Saturday, January 9, 2010
An acute viral illness that is endemic in parts of West Africa (Guinea, Liberia, Sierra Leone and Nigeria). Caused by, Lassa Virus (family Arenaviridae), a single-stranded RNA virus and is zoonotic. The reservoir of Lassa virus is a rodent known as the "multimammate rat" of the genus Mastomys. Rodents shed the virus in urine and droppings.
Therefore, the virus can be transmitted through direct contact with these materials, through touching objects or eating food contaminated with these materials, or through cuts or sores. Also spread through person-to-person by contact with virus in the blood, tissue, secretions, or excretions of an individual infected with the Lassa virus.
In some areas of Sierra Leone and Liberia, it is known that 10%-16% of people admitted to hospitals have Lassa fever.
Signs and symptoms of Lassa fever typically occur 1-3 weeks after the patient comes into contact with the virus. These include fever, retrosternal pain, sore throat, back pain, cough, abdominal pain, vomiting, diarrhea, conjunctivitis, facial swelling, proteinuria, and mucosal bleeding. Neurological problems have also been described, including hearing loss, tremors, and encephalitis.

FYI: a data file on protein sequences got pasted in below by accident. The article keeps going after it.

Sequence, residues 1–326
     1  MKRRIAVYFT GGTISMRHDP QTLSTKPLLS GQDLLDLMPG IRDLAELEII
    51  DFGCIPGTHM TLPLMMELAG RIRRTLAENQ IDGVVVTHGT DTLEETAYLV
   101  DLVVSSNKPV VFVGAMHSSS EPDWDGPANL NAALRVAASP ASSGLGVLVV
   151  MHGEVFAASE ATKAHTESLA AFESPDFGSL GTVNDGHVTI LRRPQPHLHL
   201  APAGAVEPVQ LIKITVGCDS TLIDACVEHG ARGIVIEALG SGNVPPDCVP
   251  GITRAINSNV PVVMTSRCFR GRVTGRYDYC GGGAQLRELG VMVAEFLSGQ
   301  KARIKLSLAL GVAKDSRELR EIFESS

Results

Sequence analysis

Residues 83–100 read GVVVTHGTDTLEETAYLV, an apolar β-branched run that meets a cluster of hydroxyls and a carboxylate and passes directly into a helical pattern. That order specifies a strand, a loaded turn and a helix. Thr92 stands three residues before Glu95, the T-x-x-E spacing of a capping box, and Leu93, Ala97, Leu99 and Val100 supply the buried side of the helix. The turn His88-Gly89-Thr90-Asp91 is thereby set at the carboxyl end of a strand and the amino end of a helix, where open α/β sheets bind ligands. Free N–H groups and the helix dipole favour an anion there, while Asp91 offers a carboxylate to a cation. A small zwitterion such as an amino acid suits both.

Diagnosis is by detecting IgM and IgG antibodies as well as Lassa antigen by ELISA. The virus itself may be cultured in 7 to 10 days. Immunohistochemistry performed on tissue specimens can be used to make a postmortem diagnosis. The virus can also be detected by RT-PCR
Ribavirin has been used with success in Lassa fever patients. (most effective in the early course of the illness). The most common complication of Lassa fever is deafness- and in many cases hearing loss is permanent.
Approximately 15%-20% of patients die, can be as high as 50% in sever cases. However, overall only about 1% of infections with Lassa virus result in death. The death rates are particularly high for women in the third trimester of pregnancy, and for fetuses, about 95% of which die in the uterus of infected pregnant mothers.